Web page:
Otago poor in first-class game

Brad Wilson plays a shot at the Oval. Photo: Getty Images
Brad Wilson plays a shot at the Oval. Photo: Getty Images
Otago made a welcome appearance in the one-day final but finished fourth in the Super Smash. And the Plunket Shield was almost all bad. Cricket writer Adrian Seconi reviews a mixed season.

New Zealand Cricket might have downgraded the first-class game to a development tournament but it remains the best measure of a player's ability. And Otago was found wanting by that measure.

The Volts avoided a winless Plunket Shield season with victory against Wellington in round seven, but the previous six straight losses were painful.

The batting was pitiful and bowling sometimes only marginally better. Matt Bacon helped saved Otago's blushes with a 10-wicket haul in the three-wicket win against Wellington.

The strike bowler grabbed 16 wickets in the last two matches. The late flurry meant the right-arm medium pacer became one of the leading wicket-takers nationally. He finished third with 31 wickets at an average of 24.61. He will have to work on his economy rate of 3.80, though. It was way too high.

Experienced opening batsman Hamish Rutherford was Otago's leading scorer in all three formats.

He stroked an excellent century in round one against a Northern Districts bowling unit which included Black Caps Trent Boult, Neil Wagner, Colin de Grandhomme and Ish Sodhi.

The left-hander's season first-class total of 535 runs at an average of 41.15 was more than respectable.

His burgeoning partnership with Cam Hawkins at the top of the order netted two 100-run stands.

Beneath them the collective of Shawn Hicks, Josh Tasman-Jones and Josh Finnie offered precious few runs. They got shuffled around towards the end of the season as the Volts looked for a way to squeeze what they could from a very inexperienced order.

Brad Wilson's absence during that period was a bit of a mystery. He helped settle the middle order when included late.

Injuries to former international spinner Mark Craig and fast bowler Michael Rae stripped the Volts of some potency at the crease.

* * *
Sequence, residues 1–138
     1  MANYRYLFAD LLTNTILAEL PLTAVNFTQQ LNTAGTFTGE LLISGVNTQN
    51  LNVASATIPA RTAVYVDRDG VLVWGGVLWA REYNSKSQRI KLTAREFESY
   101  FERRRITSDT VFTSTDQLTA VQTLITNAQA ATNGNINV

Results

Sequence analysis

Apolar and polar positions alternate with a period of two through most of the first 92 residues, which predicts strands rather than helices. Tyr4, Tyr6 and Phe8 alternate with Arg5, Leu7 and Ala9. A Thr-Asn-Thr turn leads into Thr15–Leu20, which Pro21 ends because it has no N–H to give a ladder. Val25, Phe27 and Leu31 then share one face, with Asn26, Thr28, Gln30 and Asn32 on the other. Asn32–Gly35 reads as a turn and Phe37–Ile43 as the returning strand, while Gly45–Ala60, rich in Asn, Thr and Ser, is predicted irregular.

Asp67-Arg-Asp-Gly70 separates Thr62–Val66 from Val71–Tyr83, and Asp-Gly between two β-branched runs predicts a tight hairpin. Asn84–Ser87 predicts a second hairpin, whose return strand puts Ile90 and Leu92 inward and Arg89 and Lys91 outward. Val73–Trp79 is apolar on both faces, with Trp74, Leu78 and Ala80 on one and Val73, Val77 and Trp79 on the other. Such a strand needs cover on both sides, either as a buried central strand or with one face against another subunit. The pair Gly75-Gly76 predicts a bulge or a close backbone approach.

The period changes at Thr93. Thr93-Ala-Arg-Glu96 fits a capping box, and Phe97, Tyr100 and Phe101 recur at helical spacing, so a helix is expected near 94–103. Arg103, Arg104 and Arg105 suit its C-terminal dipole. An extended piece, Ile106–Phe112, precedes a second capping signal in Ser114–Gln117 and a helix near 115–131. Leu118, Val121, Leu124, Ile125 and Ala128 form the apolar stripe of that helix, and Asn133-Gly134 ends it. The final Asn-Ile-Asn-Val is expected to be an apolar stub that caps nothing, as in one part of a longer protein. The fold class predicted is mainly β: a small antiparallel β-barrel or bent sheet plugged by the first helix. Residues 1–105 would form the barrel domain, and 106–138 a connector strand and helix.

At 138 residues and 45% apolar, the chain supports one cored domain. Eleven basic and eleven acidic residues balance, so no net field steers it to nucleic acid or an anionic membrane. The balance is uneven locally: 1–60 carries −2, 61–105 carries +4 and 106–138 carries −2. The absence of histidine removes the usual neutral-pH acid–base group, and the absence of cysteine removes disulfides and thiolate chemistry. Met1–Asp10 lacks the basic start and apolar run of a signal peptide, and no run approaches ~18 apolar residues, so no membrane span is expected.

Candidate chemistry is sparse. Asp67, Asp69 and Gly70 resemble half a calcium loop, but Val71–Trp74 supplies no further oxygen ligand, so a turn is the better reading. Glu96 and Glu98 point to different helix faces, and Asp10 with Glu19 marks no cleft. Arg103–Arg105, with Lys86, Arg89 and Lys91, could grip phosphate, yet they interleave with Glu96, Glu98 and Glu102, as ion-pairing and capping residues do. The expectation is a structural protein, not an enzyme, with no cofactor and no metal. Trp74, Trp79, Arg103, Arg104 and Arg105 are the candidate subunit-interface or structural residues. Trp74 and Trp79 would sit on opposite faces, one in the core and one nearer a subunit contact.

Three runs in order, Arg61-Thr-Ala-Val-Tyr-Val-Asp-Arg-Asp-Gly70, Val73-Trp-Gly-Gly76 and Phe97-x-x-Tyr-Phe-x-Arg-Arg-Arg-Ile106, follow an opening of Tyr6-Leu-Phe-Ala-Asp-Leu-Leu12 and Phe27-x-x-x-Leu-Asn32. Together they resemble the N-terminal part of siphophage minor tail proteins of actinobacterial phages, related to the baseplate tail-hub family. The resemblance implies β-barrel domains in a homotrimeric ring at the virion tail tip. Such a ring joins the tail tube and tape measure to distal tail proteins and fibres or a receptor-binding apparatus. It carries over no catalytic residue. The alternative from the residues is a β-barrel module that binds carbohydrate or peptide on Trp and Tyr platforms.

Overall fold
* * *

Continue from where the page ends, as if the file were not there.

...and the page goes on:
Co-captain Jacob Duffy was charged with picking up the slack. He was wonderful with a white ball but less than marvelous with the red cherry. His haul of 17 at 46.82 was disappointing.

Leg-spinner Michael Rippon followed a similar pattern to Duffy. They were both crucial in steering Otago through to the one-day final, though.

It has to be said the Ford Trophy was the weakest of the three formats. Many of the country's leading players were either on national duty or playing for New Zealand A while the Volts had a full roster until Hamish Rutherford was called up for New Zealand A late in the tournament.

They could have used him in the final against Wellington. The Volts slumped to 57 for seven but scrambled to reached 234 for eight. Rippon (82) and Christi Viljoen (87 not out) gave their side a fighting chance.

Rippon snared two crucial wickets as well but the visiting side escaped with a tense three-wicket win.

The Volts took momentum into the twenty20 competition but that was snuffed out on a sticky wicket in Alexandra and a couple of rained-out games. They finished fourth after coming last the previous two seasons.

With Wilson retiring and Warren Barnes taking an indefinite break from the game, Otago will be looking for two replacements players.

Hawkins will almost certainly pick up one of the contracts, while spinner Ben Lockrose and keeper Max Chu would be worth a punt as well.

However, Otago ought to go further. Its roster needs a shake-up. There are too many good players sitting idle around the country for the Volts not to get busy during the recruitment window.

Power rankings

For 2018-19

Hamish Rutherford
Role: Top-order batsman
Grade: A
The oil: Otago’s leading scorer in all
three formats.

Jacob Duffy
Role: Bowler, co-captain
Grade: A-
The oil: Terrific in coloured clothing.
Laboured with the red ball.

Matt Bacon
Role: Bowler
Grade: A-
The oil: Emerged as a genuine strike
bowler. Economy is on the high side
though.

Nathan Smith
Role: All-rounder
Grade: B+
The oil: Showed promise with the bat
and bowled during some tough
periods. Gritty.

Mitch Renwick
Role: Wicketkeeper-batsman
Grade: B
The oil: Scored a breakthrough century
in the last game.

Christi Viljoen
Role:
All-rounder
Grade: B
The oil: Played really well in patches.
Underrated campaigner.

Neil Broom
Role: Batsman
Grade: B
The oil: Capable of so much better but
solid enough numbers.

Brad Wilson
Role: Top-order batsman
Grade: B
The oil: Made good contributions in
coloured clothing when selected.

Michael Rippon
Role: All-rounder
Grade: B
The oil: Excellent in the one-day
competition. Very average thereafter.

Anaru Kitchen
Role: All-rounder
Grade: C
The oil: Disappointing campaign from
a senior professional.

Josh Finnie
Role: Batsman
Grade: C-
The oil: Played some nice one-day
knocks at the death but otherwise poor.

Shawn Hicks
Role: Batsman
Grade: C-
The oil: Lost form in all three formats.

Josh Tasman-Jones
Role:
Batsman
Grade: C-
The oil: The rookie found the step up
very steep.

Warren Barnes
Role: Bowler
Grade: C-
The oil: Struggled with injury and never
reached potential.

Mark Craig
Role: Bowler, co-captain
The oil: No grade. Spent most of the
season injured.

Michael Rae
Role: Bowler
The oil: Injured. Missed the entire
season.

Only the performances of the contracted players were assessed.

 

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